My mother used to say that good manners were simply the outward expression of inner respect -- or words to that effect. If so, there is precious little respect around today, what with candidates bashing each other in negative campaign ads and calling each other names, politics has become a blood sport. Even everyday disputes often end in gunfire. Has civility become obsolete? Are we as a nation becoming less civilized? Miss Manners, who writes a syndicated column on etiquette (even the word "etiquette" sounds outdated) would probably know. 

The French, who are not generally known for being coolheaded, may have a better handle on civility than we do. Case in point: I was awakened one night in a Paris hotel room by a loud bang followed by the angry shouts of two drivers whose cars had collided in the intersection just below my window.  I watched as the men shrieked, shook their fists, and pointed to their wrecked vehicles. A minute later, each was pulling off pieces of the other's car and throwing them down on the pavement.  Headlights, bumpers and windshield wipers were piling up all around. That continued for a few more minutes, while a bored gendarme looked on. When there was nothing left to tear off without a crowbar, one of the men said (loosely translated), "I could use a drink. What about you?"  The other nodded, and they headed off together to the cafe on the corner.

Contrast that scene in Paris with one over here in which I inadvertently blocked traffic for perhaps half a minute in a busy intersection. A young man, headed in the opposite direction, blasted his horn at me. I put up my hands in a helpless gesture and smiled ruefully. When the light changed, he gunned the motor and raced past me, yelling obscenities out the window. His behavior was appalling, but it wasn't his fault. No one had taught him any better.

I grew up in a time when good manners were taught first at home and later in school. A gentleman stood when a lady entered the room, and tipped his hat on the street (and took it off in the house). A lady waited patiently for her companion to leap out of the driver's seat and open her car door. She wore hat and gloves to "the City," as San Francisco is called by everyone hereabouts. Try finding a well-dressed lady today, even in San Francisco. What was unthinkable a few decades ago is no longer the least bit shocking. As if that old song, "Anything Goes," had been written for this generation, women are wearing jeans to the Opera House.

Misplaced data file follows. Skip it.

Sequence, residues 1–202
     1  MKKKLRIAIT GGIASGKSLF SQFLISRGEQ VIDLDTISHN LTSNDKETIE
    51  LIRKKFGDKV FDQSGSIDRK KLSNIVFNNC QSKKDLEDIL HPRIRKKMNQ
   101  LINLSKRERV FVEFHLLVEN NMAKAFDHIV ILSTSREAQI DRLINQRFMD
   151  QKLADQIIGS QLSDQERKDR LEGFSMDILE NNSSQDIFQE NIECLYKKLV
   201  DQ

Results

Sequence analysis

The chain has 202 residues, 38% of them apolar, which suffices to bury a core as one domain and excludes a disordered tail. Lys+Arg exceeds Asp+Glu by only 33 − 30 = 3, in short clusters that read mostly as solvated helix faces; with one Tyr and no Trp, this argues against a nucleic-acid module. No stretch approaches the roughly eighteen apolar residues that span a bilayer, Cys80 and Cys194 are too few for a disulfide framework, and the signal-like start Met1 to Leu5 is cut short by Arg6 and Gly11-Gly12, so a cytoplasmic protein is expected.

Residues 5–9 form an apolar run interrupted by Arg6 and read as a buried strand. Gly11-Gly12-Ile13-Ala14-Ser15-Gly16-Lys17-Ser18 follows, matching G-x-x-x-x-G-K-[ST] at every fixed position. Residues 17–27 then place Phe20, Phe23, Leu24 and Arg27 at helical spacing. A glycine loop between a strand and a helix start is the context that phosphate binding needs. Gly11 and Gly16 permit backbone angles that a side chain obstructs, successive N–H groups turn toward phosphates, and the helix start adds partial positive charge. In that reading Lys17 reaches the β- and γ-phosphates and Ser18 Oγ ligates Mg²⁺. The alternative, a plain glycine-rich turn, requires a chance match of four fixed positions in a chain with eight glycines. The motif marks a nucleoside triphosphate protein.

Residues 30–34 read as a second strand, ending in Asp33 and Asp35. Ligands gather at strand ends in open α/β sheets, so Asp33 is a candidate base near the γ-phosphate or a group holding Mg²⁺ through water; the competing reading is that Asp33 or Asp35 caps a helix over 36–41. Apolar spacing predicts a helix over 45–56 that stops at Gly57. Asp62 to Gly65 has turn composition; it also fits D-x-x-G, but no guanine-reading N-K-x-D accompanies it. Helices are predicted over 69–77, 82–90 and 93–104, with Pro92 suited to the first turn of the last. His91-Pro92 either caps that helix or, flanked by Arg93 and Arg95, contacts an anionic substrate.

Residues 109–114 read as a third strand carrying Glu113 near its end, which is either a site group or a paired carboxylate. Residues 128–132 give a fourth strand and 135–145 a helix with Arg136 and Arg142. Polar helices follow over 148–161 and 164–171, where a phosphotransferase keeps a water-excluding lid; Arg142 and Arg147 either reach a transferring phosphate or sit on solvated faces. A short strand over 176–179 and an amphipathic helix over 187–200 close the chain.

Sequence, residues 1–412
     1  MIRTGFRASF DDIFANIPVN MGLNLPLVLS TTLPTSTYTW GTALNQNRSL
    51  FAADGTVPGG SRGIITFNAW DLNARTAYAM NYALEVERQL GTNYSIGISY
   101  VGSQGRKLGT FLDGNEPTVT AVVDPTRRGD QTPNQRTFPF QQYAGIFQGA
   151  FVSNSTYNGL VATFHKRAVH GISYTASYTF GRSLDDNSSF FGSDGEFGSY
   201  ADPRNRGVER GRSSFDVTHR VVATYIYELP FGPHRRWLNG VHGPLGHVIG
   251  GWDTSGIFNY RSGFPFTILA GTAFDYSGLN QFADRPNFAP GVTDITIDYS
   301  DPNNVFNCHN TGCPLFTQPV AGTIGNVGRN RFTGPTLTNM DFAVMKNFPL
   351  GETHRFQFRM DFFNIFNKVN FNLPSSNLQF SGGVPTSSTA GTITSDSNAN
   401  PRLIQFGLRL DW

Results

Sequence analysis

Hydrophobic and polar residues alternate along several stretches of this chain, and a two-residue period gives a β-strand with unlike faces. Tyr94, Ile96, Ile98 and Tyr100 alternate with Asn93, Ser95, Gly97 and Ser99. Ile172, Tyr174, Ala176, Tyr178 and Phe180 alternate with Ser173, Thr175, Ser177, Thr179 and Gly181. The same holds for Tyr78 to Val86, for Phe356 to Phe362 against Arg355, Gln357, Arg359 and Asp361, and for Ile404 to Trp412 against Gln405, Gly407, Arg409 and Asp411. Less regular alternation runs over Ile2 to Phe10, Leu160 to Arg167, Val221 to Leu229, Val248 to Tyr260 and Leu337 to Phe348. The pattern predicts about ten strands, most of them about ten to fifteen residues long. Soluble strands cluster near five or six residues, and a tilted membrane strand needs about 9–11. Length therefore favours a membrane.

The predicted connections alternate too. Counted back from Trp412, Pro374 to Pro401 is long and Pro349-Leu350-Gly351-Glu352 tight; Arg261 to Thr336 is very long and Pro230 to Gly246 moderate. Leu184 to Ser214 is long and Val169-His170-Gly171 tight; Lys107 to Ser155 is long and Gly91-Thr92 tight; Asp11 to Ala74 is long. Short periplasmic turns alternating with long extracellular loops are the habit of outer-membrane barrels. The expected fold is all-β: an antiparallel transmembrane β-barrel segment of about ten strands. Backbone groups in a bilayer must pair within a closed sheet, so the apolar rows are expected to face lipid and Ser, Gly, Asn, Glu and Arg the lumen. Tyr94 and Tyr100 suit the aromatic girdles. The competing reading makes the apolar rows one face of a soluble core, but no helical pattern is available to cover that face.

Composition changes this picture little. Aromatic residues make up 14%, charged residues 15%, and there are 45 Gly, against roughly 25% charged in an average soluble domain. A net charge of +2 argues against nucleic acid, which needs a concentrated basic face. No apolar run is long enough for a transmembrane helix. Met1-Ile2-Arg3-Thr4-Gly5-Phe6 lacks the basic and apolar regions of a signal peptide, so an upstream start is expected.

While mourning the demise of civility and good manners, especially between men and women, I began looking for the root causes. Why don't gentlemen open the car door for us anymore? Why don't they stand up when we enter a room or hold our chairs when we sit down at a table? Let's face it, that sort of polite behavior went out about the same time as stockings with seams up the back.

I hate to say it, but it's probably our own fault. During the Women's Movement, back in the 1970s, we demanded equality with men -- and we got it.  (That old saying, “Be careful what you wish for," comes to mind.) We resented being treated like poor, weak creatures who couldn't even open a car door, when in reality we could drive a truck or move a piano.

I know I'm on dangerous ground here. I can almost hear the angry protests of Feminists, saying that I have missed the point of their movement -- erroneously dubbed "Women's Lib" -- altogether. And maybe I have. I will admit that many of the rights we enjoy today were won during those times. But along with the rights came a decline in respect for us as women, and I think that's too bad.

My mother's advice, "Act like a lady and a gentleman will treat you like one," may not be relevant anymore. (I think most of them have forgotten how.) Frankly, I miss being treated like a lady. Now, on those rare occasions when it happens, I'm happy to have a gentleman open a door, or hold my chair for me. These days I consider it a compliment, not an insult.

But good manners are only a small part of the larger issue. I miss a certain level of civility among people in general -- the outward expression of inner respect for our fellow human beings. In that regard we seem to be regressing back to the Stone Age, and I wonder if we will ever become "civilized" again.

Miss Manners would probably know.

About the Author

EE Smith

E. E. Smith is a playwright and book author. Her new series of murder mysteries debuted in 2013. The first is titled Death by Misadventure. 

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